Arnold Kling  

Poor Vs. Ultra-Poor

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The International Food Policy Institute reports,

the ultra poor are overwhelmingly concentrated in one region—Sub-Saharan Africa is home to more than three-quarters of the world’s ultra poor. Sub-Saharan Africa is also the only region in the world in which there are more ultra poor than medial or subjacent poor. In contrast, most of Asia’s poor live just below the dollar-a-day line; only a small minority of the population is ultra poor.

What they have done is sub-divide those living on less than $1 a day into those earning $.75 to $1 (the subadjacent poor), those earning from $.50 to $.75 (the medial poor) and those living on less than $.50 a day (the ultra poor).

One take-away from the report is that the relatively encouraging reduction in world poverty that has taken place in the past 15 years may not continue.

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COMMENTS (5 to date)
Paul writes:

I haven't actually read the report all the way through, but I skimmed it and I have to say (and this is a failing, in my opinion, in the way this kind of study in general is reported), I'd really like to see these numbers given in international dollars. No one could live on $1 a day international dollars, and so to give a number based on currency exchange rates is almost disingenuous. It's probably taken into account in the actual study, but it isn't obvious from the data that I saw that differences in PPP exchange rate wouldn't account for the high degree of regional concentration of the ultra-poor. I'm sure that average salary of blue-collar/service workers in New York City is higher than in Peoria, but that doesn't necessarily mean that you will see fewer of the symptoms of poverty in New York than in Peoria.

Again, I haven't read the whole study and it's quite possible that these values were normalized to each other, but international dollars were invented for just such a purpose.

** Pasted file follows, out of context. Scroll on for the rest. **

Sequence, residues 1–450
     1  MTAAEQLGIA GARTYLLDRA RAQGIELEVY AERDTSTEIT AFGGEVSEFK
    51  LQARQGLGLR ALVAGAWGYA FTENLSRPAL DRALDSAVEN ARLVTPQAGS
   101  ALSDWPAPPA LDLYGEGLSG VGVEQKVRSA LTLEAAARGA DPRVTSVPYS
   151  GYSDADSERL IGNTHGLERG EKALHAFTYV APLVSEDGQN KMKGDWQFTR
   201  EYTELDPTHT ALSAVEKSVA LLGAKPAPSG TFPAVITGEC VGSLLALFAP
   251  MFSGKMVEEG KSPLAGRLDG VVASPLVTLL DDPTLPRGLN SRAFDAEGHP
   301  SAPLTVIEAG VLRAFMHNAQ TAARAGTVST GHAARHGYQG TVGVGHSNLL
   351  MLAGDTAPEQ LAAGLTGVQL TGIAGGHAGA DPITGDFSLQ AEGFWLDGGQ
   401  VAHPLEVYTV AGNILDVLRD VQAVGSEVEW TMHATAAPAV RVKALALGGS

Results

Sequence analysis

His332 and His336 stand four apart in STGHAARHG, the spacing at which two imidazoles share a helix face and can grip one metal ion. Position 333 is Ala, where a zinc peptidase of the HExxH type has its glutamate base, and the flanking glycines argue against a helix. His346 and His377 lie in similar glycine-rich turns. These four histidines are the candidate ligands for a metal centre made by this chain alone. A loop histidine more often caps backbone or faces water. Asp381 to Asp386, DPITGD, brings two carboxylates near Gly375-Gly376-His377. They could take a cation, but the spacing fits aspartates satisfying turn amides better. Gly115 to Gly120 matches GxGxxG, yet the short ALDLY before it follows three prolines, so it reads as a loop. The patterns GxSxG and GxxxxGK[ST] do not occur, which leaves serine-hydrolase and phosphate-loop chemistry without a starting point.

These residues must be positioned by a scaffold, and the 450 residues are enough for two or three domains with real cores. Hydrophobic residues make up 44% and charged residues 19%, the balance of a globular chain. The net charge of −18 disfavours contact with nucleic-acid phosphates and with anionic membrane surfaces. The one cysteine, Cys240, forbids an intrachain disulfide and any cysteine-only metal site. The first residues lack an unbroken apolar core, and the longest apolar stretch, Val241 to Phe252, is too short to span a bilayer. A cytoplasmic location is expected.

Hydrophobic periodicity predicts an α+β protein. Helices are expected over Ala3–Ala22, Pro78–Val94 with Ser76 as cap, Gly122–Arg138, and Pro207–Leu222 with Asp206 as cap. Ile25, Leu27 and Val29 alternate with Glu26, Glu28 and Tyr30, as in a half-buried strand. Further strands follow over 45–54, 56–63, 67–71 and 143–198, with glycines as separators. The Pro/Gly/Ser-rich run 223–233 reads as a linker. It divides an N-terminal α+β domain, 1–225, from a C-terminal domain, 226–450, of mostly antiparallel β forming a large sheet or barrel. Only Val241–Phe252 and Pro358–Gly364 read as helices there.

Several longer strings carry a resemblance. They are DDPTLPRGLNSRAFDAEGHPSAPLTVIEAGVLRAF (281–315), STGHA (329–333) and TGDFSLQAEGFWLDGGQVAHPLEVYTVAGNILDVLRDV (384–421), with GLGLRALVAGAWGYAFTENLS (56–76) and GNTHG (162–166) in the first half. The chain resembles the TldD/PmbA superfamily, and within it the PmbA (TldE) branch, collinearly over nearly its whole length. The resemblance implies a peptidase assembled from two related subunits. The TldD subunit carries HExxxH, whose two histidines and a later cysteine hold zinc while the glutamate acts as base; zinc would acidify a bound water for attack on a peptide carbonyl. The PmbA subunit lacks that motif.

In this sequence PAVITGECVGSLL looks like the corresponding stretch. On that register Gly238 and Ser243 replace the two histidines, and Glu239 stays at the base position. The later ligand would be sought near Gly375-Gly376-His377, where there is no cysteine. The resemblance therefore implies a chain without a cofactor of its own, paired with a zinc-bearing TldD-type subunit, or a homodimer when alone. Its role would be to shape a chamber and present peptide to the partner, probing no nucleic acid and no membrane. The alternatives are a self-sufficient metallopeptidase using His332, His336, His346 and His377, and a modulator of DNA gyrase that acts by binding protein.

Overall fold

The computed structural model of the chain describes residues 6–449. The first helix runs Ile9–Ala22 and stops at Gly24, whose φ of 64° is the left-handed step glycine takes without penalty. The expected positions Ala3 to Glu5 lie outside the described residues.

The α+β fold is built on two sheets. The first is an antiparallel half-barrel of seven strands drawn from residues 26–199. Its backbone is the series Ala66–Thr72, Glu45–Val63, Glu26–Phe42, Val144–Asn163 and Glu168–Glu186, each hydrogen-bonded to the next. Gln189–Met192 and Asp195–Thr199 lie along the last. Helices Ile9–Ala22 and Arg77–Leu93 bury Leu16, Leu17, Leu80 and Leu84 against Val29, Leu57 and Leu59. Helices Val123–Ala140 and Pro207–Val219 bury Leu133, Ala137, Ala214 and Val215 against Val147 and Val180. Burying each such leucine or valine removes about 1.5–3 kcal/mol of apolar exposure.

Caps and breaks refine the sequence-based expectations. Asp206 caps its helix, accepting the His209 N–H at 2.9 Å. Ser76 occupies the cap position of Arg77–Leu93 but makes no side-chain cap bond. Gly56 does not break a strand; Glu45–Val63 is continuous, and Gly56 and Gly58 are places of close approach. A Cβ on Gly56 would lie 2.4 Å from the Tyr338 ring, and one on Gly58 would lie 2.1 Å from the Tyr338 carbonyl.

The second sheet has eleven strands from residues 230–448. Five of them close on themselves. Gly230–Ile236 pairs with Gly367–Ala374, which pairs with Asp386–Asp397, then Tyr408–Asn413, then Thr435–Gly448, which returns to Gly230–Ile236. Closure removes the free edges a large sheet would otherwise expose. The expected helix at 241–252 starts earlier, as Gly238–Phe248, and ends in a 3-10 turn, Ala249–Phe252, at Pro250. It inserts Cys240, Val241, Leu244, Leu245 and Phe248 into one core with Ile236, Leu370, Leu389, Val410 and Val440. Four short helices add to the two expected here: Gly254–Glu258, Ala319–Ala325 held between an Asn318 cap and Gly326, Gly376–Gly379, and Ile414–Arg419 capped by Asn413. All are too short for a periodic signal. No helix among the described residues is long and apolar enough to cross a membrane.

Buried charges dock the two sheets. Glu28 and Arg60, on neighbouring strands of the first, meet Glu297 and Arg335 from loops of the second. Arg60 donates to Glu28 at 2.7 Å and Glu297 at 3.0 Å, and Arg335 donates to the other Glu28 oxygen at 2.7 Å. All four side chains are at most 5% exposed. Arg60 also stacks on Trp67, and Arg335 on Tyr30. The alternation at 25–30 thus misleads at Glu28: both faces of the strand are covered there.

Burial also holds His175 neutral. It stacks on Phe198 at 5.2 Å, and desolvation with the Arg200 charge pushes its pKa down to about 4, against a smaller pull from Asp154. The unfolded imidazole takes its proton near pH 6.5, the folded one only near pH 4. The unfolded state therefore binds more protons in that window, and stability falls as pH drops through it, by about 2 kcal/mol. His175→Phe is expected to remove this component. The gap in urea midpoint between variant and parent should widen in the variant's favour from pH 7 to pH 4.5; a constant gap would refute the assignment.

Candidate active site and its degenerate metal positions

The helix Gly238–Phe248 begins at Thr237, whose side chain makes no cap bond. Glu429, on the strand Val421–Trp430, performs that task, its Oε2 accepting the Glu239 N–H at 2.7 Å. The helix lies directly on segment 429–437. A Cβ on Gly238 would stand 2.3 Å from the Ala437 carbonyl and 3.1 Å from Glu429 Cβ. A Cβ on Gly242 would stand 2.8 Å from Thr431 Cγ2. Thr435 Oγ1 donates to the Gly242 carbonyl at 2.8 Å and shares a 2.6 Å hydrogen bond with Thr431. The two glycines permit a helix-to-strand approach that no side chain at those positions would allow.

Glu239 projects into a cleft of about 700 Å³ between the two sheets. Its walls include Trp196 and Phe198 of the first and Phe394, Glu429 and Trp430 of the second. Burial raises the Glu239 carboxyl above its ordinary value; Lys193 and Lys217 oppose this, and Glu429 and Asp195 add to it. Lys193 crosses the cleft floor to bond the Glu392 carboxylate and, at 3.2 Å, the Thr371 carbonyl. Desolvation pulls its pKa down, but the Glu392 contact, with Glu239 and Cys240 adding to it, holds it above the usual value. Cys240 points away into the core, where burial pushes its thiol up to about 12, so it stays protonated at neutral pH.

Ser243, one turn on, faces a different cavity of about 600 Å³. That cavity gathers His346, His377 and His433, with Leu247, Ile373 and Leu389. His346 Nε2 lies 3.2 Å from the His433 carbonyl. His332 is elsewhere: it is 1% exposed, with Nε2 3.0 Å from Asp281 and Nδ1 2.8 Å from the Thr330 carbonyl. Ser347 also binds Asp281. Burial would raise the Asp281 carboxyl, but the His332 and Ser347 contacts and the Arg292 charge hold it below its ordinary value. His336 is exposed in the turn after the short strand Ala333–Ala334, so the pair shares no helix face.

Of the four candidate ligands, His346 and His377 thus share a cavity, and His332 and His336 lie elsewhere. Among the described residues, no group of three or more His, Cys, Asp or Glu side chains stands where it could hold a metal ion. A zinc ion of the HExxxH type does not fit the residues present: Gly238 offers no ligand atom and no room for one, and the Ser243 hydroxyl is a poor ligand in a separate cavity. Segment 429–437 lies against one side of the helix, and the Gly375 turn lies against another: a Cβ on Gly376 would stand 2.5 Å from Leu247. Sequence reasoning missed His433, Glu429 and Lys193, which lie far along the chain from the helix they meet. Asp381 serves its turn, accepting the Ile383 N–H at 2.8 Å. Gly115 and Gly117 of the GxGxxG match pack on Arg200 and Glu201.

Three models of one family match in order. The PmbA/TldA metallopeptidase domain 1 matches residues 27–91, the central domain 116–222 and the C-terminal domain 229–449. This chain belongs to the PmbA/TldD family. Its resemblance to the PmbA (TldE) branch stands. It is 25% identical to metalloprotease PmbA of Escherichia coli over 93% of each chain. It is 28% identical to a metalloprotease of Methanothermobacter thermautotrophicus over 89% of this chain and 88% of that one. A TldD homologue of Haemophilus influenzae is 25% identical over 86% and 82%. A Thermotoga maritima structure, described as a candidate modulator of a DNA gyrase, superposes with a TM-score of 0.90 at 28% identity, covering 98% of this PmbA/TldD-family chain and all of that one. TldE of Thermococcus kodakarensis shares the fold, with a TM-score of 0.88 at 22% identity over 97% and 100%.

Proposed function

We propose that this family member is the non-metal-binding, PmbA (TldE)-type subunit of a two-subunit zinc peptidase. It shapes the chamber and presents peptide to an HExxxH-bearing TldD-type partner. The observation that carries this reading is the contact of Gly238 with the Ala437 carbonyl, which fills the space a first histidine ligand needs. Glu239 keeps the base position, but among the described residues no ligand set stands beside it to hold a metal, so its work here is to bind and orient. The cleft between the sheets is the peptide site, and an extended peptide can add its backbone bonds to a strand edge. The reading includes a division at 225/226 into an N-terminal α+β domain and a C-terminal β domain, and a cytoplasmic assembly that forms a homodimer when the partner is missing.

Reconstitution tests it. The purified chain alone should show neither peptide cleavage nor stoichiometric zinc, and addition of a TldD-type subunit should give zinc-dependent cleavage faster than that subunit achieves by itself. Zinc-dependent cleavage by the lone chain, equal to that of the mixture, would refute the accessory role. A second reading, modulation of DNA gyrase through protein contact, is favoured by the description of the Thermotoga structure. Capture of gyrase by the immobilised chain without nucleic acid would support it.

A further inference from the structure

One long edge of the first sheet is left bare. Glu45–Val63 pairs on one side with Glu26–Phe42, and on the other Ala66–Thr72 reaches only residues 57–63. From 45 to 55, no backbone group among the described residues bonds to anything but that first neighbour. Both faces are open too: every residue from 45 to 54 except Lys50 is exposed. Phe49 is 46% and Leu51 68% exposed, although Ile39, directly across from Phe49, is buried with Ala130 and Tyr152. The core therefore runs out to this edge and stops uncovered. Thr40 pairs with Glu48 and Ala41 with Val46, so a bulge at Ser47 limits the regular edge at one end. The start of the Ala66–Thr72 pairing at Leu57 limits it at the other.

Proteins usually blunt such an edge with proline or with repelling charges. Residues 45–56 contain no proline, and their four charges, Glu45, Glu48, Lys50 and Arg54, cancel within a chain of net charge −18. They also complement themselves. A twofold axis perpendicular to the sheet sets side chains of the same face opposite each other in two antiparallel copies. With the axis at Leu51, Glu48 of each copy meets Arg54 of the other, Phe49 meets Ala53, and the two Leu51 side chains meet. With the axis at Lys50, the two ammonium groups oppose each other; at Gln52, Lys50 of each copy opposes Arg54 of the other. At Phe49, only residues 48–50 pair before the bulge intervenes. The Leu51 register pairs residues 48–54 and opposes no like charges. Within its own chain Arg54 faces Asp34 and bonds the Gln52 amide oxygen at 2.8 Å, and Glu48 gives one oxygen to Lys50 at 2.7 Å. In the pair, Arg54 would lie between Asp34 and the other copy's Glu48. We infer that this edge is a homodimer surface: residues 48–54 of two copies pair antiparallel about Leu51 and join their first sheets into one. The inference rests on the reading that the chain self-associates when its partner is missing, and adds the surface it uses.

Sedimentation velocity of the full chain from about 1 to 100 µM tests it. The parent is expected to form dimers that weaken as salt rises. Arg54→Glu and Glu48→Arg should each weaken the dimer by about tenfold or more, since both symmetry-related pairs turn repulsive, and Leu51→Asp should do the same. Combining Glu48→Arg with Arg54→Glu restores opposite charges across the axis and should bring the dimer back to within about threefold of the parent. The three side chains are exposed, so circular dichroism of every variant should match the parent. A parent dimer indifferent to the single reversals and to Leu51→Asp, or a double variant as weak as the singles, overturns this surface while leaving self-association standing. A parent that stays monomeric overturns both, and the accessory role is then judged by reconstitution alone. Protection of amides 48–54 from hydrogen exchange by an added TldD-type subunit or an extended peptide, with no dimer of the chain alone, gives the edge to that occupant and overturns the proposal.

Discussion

spencer writes:

As someone who has done serious work on the data in poor countries trying to find a significant difference between countries where the daily income is $1.00 and $0.75 is a fools game. As far as I know I was the first person to ever estimate the GDP of Afghanistan.

Pick your Sub-Saharan country and compare it to Afghanistan and make a serious argument that you have any idea which one is poorer.

TGGP writes:

spencer, I'm curious about your work. How did you come to do it? Could you link to it?

zc writes:

What a ridiculous academic excercise. I'm sure the subadjacent poor sit around and scoff about how low class the ultra-poor are, and how sweet their lives are. Are you kidding me...all of these people live in primitive, awful conditions. Wy don't you go help them out doing something useful instead of doing 'research' showing that "Damn, there sure are a lot of really poor people." I could be shown pictures of any of their residences and say, "Yep, these people are really freaking poor, and live in crap countries," not needing some 148 page glossy print to understand that. Save the money on printing and give someone $5000 times their annual income.

John Fast writes:

Arnold: Speaking as a fellow "bleeding-heart libertarian," do you think we ought to implement some sort of global version of the Negative Income Tax, perhaps set to about $1000 per year? That is approximately $3 per day.

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